Reviewed by Glenn Erickson
José Ferrer got the Oscar for his impressive performance as the hammy long-nosed
Frenchman who wouldn't shut up; the picture was a big early success for independent producer
Stanley Kramer. Helped by clever art direction and an excellent score, Cyrano de Bergerac
became a television favorite for thirty years.
Swordsman and poet Cyrano de Bergerac (José Ferrer) loves the beautiful
Roxanne (Mala Powers) but finds out that she favors the handsome Christian de Neuvillette (William
Prince). He woos her for the younger man, substituting his poetry for Christian's tongue-tied
lack of imagination. But war with Spain intervenes to change all of their fates.
Rostand's Cyrano is full of romance, unabashed sentimentality and cornball poetry presented with
good will and substantial wit. Carl Foreman's screenplay retains the stage talk but manages to open
the film up just enough not to avoid stuffiness. This Cyrano fights two major duels in the first
reel, and then the plot settles down to the time honored substitute-lover gambit, the one imitated
ad infinitum in other plots and situation comedies. Christian is handsome but an inarticulate
oaf. Cyrano has a nose that starts swordfights and scares women but possesses a poet's tongue that
could woo a stone statue.
Michael Gordon was a fine director of actors and considering the limited resources of Cyrano de
Bergerac his accomplishment here is impressive. He later helmed Pillow Talk, forging a
style of romantic comedy that would stay in vogue for twenty years.
Perhaps the narrow Academy frame helps but the sets and costumes never look shabby or cheap, and
even the battle scenes filmed on an interior sound stage don't look cramped. Gordon keeps us focused
on the emotions and the actors, and everything else takes a subordinate position.
It's José Ferrer's show of course and he holds the screen with the best of them, just as
he'd later run away with any movie foolish enough to cast him in a small part (The Caine
Mutiny, for one). His voice and mannerisms are fresh and free of stage posing, so even when he
stands still making flowery talk about sunsets and broken hearts, we buy it. The abundance of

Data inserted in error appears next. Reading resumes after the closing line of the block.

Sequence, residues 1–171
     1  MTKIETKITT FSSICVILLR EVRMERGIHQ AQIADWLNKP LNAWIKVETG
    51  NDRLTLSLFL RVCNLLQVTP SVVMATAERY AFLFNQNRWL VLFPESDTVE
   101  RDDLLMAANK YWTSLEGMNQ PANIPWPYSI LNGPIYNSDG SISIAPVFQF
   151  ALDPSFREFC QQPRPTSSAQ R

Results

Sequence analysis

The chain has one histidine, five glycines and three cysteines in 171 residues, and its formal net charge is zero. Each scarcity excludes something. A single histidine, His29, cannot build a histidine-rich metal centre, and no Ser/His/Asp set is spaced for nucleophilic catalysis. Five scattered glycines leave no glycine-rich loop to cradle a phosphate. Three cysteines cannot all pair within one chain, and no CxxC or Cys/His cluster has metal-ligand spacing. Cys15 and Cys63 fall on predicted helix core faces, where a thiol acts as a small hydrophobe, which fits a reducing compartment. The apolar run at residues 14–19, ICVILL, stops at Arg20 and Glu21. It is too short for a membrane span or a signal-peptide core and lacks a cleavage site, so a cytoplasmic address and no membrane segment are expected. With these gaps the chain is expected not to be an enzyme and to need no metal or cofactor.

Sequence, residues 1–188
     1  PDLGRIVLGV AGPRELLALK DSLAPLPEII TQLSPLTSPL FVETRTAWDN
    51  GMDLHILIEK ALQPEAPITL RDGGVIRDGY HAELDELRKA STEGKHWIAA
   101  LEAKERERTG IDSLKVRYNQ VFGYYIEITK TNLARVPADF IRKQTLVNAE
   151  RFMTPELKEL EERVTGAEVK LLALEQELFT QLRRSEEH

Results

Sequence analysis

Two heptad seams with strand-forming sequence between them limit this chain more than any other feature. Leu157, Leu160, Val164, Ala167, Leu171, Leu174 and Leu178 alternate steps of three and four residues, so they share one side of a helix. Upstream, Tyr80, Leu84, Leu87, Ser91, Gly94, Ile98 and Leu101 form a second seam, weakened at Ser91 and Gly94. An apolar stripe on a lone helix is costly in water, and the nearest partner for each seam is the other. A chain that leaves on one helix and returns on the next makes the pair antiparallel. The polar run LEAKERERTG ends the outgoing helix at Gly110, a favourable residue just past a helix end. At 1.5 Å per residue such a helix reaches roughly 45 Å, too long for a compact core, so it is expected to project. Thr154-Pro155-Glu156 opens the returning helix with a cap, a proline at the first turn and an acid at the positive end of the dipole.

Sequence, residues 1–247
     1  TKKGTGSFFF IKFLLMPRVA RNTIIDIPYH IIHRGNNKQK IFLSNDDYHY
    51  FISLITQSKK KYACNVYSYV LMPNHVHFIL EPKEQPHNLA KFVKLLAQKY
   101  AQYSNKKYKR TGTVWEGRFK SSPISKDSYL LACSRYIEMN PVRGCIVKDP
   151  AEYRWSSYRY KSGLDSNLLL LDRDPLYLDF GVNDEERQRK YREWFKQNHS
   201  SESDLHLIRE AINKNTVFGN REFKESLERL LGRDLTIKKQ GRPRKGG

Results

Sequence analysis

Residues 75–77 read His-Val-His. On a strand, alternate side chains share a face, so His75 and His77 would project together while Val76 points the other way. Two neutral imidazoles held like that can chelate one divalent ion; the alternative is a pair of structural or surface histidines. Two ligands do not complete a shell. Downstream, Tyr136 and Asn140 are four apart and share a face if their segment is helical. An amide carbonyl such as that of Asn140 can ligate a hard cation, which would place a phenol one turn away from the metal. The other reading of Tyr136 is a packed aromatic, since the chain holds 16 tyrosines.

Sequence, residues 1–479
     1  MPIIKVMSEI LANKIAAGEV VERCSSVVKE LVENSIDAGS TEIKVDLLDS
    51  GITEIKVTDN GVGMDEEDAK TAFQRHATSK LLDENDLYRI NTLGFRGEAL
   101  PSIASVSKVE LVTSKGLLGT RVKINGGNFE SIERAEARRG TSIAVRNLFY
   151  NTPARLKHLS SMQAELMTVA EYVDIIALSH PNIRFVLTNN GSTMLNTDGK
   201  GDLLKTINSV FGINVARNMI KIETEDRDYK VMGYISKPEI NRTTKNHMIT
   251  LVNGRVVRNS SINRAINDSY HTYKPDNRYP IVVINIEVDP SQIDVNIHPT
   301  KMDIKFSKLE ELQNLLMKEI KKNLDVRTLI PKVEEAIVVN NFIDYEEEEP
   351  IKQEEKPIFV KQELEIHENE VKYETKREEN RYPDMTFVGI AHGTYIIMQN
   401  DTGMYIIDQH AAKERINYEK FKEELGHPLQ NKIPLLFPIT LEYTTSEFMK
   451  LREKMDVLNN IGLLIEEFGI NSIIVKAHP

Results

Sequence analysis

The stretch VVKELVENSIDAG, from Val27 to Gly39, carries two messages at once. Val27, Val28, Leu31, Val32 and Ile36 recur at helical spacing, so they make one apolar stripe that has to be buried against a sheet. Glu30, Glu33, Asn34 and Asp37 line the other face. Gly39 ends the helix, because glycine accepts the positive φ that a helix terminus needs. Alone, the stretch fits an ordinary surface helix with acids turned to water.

comedy in the script is a big help. His disgusted reaction after Christian (an okay William
Prince) flops with Roxanne is really funny. Cyrano is a rounded character who fights like a hero
but suffers like a fool in love, and it's hard not to empathize with him. We just plain like the guy.
Carl Foreman's script maneuvers itself into a coda fifteen years down the road, with Cyrano making a
to Roxanne that it was he who loved her all the time. It's calculated, obvious and yet works
extremely well. Audiences loved Cyrano, José was inaugurated as a star and Stanley Kramer
had the hit (among a pile of flopperoos) that kept him afloat until
High Noon and his fight with Carl
Foreman. The nun in the final scene by the way, is Virginia Christine, later memorable in
Invasion of the Body Snatchers and as Mrs. Olsen on the long-running Folger's coffee
The supporting cast is adequate but not much more, although the film is focuses so closely on Cyrano
it would hardly make a difference. Familiar faces like Don Beddoe and Percy Helton add
appropriate color. It would be nice to say that genre beauty Mala Powers (The City that Never
Sleeps, The Unknown Terror, The Colossus of New York) is a plus, but although she handles
the lines well, she doesn't really shine. This is too bad, as she's one of the prettiest
discoveries of the 50s - she'd just done the groundbreaking Outrage for director Ida Lupino,
possibly the first American sound feature to focus exclusively on the experience of rape from the
victim's point of view.
Image / Hal Roach's copy of Cyrano de Bergerac is very good, almost completely intact and
runs at the proper speed (no PAL acceleration here). The image is greyish and a tad soft but has
a nice look and was clearly taken from good elements. The sound is recorded a bit low but is
clear, which is important to hear all the velvet dialogue without the hiss and pops of old 16mm prints.
There's an incredibly hyped trailer that sells the movie as an action item. The audio on the
trailer is almost twice the volume of the feature, so consider your eardrums warned.
On a scale of Excellent, Good, Fair, and Poor,
Cyrano de Bergerac rates:
Movie: Very Good
Sound: Very Good
Packaging: Keep case
Reviewed: May 21, 2004
DVD Savant Text © Copyright 2007 Glenn Erickson